At 81 years old, Elza Soares is the unspoken Brazilian Queen Mother of samba. On stage, she reclines on a six-foot-high throne, surrounding her is a set decorated with black bin bags. At 13 years old, she won a Brazilian singing competition. She had been forced into marriage by her father for a year at this point and several months later, gave birth to her first child. When the presenter asked her what world she came from, her baggy clothes not familiar to any world he resided in, she replied “the world of hunger”. This juxtaposition between these two worlds, one of hunger and one of triumph has not been lost throughout her success.

Her voice, always reed instrument-like, sings the laments of a woman’s experience. Her vocal chords seem frayed, tired and angry. With these same vocal chords she sings about lust, sex, racism, trans rights and prostitution. While famous men in their old age are traditionally allowed to continue with their young behavior, their bodies relaxed and opinions loud, women traditionally are thought to take on a role of wisdom. The listener feels as though Soares is laughing at any notion of this.

In ‘The Woman at The End of the World’ (mulher do fim do mundo) released in 2016, she decided to collaborate with unlikely fans; Kiko Dinucci (from Metá Metá) and her bandmates in Passo Torto – Rodrigo Campos, Marcelo Cabral, Romulo Fróes, Felipe Roseno (who plays percussions with Ney Matogrosso) Celso Yes and Guilherme Kastrup. Their sound feels like less a “collaboration”, than an agitation; less of a sonic mixture and more the sound of irritation, ideas rubbing off each other, one old concept of a melody being pushed past itself, and the resulting friction being captured.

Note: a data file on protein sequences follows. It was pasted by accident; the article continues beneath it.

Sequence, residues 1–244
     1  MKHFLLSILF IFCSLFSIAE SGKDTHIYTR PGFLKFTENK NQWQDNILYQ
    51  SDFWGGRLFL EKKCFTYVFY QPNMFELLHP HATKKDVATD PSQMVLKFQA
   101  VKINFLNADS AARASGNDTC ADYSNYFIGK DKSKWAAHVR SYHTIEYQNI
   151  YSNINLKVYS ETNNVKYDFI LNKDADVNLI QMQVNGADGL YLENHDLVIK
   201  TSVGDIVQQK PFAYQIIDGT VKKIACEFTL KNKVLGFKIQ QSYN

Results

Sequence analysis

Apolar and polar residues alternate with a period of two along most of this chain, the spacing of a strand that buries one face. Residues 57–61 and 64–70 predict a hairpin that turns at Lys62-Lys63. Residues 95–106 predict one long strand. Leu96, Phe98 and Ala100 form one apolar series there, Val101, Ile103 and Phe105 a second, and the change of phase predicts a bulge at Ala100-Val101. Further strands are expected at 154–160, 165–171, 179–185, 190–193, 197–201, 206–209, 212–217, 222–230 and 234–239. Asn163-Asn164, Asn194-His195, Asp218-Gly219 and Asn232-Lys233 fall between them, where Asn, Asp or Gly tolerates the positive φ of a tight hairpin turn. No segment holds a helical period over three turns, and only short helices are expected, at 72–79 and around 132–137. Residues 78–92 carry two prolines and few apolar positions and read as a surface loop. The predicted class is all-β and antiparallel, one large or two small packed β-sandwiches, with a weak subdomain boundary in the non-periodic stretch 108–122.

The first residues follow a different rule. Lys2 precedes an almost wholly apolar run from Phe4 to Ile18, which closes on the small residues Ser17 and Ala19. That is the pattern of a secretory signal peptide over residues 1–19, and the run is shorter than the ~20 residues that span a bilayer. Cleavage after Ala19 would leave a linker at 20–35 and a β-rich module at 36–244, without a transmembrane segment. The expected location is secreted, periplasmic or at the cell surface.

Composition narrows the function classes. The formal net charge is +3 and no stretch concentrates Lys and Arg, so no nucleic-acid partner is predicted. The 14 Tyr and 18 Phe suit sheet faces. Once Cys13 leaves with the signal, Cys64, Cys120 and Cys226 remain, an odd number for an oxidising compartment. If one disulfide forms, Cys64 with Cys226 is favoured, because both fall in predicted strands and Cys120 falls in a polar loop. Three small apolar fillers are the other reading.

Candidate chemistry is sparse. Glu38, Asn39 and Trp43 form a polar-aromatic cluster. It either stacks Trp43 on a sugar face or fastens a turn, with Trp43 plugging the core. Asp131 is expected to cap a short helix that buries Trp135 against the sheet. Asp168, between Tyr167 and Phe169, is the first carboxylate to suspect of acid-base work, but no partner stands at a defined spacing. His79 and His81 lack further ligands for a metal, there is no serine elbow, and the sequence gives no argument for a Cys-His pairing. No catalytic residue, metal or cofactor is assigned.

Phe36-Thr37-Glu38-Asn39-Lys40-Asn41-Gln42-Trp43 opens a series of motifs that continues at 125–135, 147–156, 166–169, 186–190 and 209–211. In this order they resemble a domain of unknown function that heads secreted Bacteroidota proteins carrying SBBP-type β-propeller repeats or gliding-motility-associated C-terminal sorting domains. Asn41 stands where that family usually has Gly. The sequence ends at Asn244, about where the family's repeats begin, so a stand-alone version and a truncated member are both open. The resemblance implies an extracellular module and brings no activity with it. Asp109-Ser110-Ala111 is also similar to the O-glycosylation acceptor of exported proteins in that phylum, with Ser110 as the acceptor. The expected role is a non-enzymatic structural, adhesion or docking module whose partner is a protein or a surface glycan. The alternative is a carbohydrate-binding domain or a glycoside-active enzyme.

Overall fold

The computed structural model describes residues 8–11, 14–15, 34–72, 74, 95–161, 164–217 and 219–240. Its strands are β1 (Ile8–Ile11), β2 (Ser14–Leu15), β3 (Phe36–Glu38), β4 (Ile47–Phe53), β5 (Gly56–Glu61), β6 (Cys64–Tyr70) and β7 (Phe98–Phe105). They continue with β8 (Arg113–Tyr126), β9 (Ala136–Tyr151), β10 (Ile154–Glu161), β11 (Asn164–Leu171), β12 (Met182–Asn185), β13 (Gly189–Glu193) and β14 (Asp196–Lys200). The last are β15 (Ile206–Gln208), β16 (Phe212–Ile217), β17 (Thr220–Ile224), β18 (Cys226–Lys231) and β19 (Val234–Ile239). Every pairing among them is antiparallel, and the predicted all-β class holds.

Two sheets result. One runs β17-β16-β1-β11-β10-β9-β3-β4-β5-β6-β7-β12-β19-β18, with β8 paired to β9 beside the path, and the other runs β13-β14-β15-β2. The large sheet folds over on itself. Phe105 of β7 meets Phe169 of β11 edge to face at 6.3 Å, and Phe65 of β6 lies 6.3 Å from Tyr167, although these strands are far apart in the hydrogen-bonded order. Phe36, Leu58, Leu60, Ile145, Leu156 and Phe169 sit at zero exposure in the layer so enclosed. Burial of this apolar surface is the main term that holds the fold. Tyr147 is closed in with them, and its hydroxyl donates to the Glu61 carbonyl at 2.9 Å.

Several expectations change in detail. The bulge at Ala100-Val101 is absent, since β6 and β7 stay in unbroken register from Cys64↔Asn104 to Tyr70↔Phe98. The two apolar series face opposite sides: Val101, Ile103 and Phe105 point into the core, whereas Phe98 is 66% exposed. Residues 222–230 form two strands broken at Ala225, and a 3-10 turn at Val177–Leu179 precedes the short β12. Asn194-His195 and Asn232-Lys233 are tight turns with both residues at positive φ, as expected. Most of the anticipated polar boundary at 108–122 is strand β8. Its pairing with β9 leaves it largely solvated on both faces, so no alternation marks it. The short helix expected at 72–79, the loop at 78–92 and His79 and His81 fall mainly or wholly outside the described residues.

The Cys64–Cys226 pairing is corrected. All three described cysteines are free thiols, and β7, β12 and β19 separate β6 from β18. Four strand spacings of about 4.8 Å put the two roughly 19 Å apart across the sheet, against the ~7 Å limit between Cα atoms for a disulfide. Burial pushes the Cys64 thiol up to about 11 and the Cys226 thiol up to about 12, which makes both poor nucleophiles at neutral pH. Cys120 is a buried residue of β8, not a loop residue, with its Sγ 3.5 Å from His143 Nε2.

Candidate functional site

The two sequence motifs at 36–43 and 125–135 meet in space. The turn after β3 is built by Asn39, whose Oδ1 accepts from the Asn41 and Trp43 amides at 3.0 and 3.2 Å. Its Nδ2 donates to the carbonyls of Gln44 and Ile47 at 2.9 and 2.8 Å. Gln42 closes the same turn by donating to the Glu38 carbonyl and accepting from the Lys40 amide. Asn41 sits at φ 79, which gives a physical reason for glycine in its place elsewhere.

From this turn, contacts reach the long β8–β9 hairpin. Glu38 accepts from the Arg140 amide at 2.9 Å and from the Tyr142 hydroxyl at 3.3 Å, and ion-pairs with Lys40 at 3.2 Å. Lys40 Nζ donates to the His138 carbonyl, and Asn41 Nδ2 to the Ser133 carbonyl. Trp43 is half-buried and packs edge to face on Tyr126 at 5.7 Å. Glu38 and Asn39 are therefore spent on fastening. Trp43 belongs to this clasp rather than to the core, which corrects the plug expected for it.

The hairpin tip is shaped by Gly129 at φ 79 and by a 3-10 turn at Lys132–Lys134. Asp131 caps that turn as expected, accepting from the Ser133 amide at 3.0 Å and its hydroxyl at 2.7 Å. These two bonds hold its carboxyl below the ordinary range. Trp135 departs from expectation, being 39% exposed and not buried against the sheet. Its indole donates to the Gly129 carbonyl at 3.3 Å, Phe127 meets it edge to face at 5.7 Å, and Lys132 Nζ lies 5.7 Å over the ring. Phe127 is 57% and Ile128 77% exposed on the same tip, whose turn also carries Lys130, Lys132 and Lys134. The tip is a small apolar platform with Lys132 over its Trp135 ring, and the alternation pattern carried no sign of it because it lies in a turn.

The album opens with ‘Coracao do mar’ (heart of the sea), an acapella track in which Soares sings a poem by Oswalde de Andrede. It is almost a parody of a national anthem in which she sings his words concerning slavery and loss. The album’s highlight is its title track ‘Mulher do fim do Mundo’ (Woman at the End of the World) in which the Brazilian instrument, the cavaquinho, lays beneath her vocals, decorated with strings, pizzicato at times like Morse code. “Woman at the End of the World” she sings. “I am, I go on, singing till the end”.